For 25 years, Bruce Rhoades worked as a software developer creating apps for a range of organizations from investment banks to educational institutions. Although each project brought new lessons and challenges, Bruce found himself craving a change. When downsizing necessitated layoffs, Bruce found himself back on the job market and decided it was the perfect time to build on his skills and pivot into something new: cybersecurity.
After comparing various boot camps, Bruce enrolled in Columbia Engineering Cybersecurity Boot Camp. Twenty-four weeks later, he found himself with fresh skills, a job offer, and an exciting new career.
Back to the classroom
When deciding on an educational path, Bruce was attracted to the boot camp because it was located near him in New York City, offered by Columbia, and, most importantly, served a thorough and comprehensive curriculum. Other, shorter courses that Bruce looked at merely scratched the surface; within 24 weeks, this boot camp enabled learners to genuinely master skills — something that was essential to Bruce as he transitioned from one industry to another.
Having graduated college in 1993 with a bachelor’s degree in computer science, Bruce coded professionally until 2019. On his return to the classroom, Bruce quickly discovered he had a lot to learn — and was eager to do so.
Throughout the boot camp, learners, instructors, and course assistants worked together and supported one another — diving into collaborative projects and presentations, and getting everyone up to speed on new and challenging concepts. “There was good synergy in the classroom, with the instructors and [course] assistants, that made grasping concepts easier.”
At the start of boot camp, Bruce worked as a contract software engineer, but by the end he committed full-time to the course.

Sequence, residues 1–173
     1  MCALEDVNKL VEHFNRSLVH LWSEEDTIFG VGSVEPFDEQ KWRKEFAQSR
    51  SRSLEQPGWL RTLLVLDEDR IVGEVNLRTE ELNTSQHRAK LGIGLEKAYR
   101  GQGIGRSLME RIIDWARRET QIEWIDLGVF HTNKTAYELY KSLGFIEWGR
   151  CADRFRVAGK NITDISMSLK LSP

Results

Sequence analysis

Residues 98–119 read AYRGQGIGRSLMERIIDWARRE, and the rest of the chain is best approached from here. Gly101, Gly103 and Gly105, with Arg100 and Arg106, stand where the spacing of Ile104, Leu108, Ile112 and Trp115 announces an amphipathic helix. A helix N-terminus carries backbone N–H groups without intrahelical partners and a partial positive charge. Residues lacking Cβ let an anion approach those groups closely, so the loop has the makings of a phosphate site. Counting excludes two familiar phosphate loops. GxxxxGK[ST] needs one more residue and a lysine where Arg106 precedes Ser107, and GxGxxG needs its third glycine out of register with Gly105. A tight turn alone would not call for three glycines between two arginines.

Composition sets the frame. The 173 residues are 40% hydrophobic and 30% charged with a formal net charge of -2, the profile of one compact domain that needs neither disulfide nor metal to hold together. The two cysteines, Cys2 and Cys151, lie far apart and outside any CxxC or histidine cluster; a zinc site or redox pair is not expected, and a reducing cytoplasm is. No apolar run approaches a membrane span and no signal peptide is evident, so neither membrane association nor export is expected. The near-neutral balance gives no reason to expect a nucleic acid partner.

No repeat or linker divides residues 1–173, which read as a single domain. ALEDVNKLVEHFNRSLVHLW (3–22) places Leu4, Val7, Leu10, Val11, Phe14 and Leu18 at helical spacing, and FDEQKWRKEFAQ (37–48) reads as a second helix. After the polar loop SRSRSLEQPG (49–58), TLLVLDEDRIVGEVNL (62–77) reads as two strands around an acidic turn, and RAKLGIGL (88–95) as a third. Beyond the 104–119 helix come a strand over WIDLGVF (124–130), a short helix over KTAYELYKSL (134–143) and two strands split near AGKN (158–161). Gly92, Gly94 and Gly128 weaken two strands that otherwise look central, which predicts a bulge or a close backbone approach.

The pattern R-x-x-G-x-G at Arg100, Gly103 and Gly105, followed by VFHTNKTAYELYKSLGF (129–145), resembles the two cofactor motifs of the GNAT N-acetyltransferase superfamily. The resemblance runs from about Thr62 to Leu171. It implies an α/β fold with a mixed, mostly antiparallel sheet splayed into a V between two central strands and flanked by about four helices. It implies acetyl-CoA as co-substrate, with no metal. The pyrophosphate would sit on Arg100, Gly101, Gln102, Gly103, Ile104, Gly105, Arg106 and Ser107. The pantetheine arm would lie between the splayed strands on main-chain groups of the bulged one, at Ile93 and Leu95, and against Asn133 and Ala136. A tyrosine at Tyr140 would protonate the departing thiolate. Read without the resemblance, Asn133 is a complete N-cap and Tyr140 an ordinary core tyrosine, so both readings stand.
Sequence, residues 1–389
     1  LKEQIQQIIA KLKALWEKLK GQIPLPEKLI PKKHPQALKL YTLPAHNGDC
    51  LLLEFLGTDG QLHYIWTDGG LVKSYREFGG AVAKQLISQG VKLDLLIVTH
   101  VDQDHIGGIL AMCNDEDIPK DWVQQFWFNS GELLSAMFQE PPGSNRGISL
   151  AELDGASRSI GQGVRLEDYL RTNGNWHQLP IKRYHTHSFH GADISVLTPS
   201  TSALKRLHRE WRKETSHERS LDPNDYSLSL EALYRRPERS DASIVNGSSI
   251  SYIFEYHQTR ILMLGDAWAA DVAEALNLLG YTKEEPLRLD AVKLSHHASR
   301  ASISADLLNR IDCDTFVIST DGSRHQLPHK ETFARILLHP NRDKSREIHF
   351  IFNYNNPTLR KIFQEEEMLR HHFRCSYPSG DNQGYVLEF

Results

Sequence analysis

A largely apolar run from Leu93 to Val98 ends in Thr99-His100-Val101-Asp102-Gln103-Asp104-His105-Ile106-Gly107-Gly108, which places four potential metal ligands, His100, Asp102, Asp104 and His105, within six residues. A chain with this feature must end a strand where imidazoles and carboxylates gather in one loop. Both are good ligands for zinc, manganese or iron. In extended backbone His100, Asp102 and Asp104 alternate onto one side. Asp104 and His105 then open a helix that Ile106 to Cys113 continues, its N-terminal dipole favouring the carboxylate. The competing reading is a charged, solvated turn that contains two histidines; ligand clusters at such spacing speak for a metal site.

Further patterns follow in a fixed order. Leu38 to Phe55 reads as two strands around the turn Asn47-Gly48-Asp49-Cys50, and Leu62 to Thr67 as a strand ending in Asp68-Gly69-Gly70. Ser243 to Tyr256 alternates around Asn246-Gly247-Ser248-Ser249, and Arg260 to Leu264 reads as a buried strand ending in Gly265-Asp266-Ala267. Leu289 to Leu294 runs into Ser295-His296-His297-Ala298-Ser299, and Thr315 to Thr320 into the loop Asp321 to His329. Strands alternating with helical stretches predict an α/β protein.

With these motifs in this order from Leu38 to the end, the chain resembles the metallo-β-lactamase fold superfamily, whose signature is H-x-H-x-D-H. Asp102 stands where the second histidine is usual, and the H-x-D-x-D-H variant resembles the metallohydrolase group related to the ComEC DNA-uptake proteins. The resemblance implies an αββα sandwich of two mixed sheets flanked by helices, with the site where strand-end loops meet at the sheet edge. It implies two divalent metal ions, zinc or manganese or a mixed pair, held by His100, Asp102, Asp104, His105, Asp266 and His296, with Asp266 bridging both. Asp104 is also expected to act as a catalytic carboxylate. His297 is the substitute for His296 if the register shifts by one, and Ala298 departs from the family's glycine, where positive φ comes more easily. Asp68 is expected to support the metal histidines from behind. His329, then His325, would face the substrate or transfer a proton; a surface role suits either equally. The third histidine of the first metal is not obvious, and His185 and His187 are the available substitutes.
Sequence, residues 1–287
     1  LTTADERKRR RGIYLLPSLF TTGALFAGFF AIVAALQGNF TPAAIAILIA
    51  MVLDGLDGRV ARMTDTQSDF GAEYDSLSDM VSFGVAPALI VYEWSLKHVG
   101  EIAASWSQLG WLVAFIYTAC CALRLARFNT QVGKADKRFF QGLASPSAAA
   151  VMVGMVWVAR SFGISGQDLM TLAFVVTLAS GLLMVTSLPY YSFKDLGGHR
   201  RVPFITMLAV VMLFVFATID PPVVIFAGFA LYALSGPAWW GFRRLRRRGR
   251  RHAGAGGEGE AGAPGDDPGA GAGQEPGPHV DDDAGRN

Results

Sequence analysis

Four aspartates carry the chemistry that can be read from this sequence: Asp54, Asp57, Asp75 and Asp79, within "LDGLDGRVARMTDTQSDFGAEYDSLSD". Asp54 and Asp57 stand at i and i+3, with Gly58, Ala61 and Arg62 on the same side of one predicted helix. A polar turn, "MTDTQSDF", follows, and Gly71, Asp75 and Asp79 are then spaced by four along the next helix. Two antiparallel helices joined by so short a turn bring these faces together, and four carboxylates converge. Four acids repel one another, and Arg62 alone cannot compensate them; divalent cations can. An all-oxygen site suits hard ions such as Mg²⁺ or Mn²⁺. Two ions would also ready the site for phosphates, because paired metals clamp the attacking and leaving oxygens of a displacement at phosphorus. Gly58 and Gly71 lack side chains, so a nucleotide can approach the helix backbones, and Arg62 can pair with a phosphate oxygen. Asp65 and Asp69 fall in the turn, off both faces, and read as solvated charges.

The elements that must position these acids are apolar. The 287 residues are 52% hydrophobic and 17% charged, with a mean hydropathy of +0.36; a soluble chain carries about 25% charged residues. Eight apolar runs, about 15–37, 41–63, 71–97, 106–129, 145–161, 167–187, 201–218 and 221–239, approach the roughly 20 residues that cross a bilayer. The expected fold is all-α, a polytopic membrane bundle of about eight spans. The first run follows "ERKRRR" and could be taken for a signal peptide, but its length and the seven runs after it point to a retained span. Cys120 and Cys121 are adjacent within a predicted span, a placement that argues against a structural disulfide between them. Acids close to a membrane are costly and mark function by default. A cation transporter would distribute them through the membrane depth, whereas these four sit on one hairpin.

One of the main skills that Bruce gained from the course was a deep, complex understanding of Python — and it ended up benefiting him just as much as the cybersecurity skills he developed at boot camp.
Later, when Bruce started looking for jobs, his understanding of Python came into play — both in the recruiting process and on the job. “Even after working in software development for so many years, learning Python opened me up and gave me a new outlook,” Bruce said.
Bruce also learned soft skills which are applicable to his newfound day-to-day. Because his boot camp required learners to give regular presentations about cybersecurity topics, he became a public speaker: a first in the midst of a well-developed career. In his new job as a cybersecurity engineer, his company, Forcepoint, holds weekly presentations where engineers can share and discuss industry topics.
“Giving presentations on Demo Day helped me get comfortable presenting technical topics and public speaking in general,” said Bruce. “In my new job, presenting is an important skill that I tap into a lot.”
Looking to the future
Bruce quickly landed a job as a senior cyber engineer at Forcepoint, a cybersecurity company that specializes in user and data protection. Each day brings opportunities to use his newfound skills — from Python to public speaking.
In under a year, Bruce pivoted into a new industry with new opportunities on the horizon.
What will you discover about yourself once you take the leap into technology? Explore Columbia Engineering Cybersecurity Boot Camp to find out.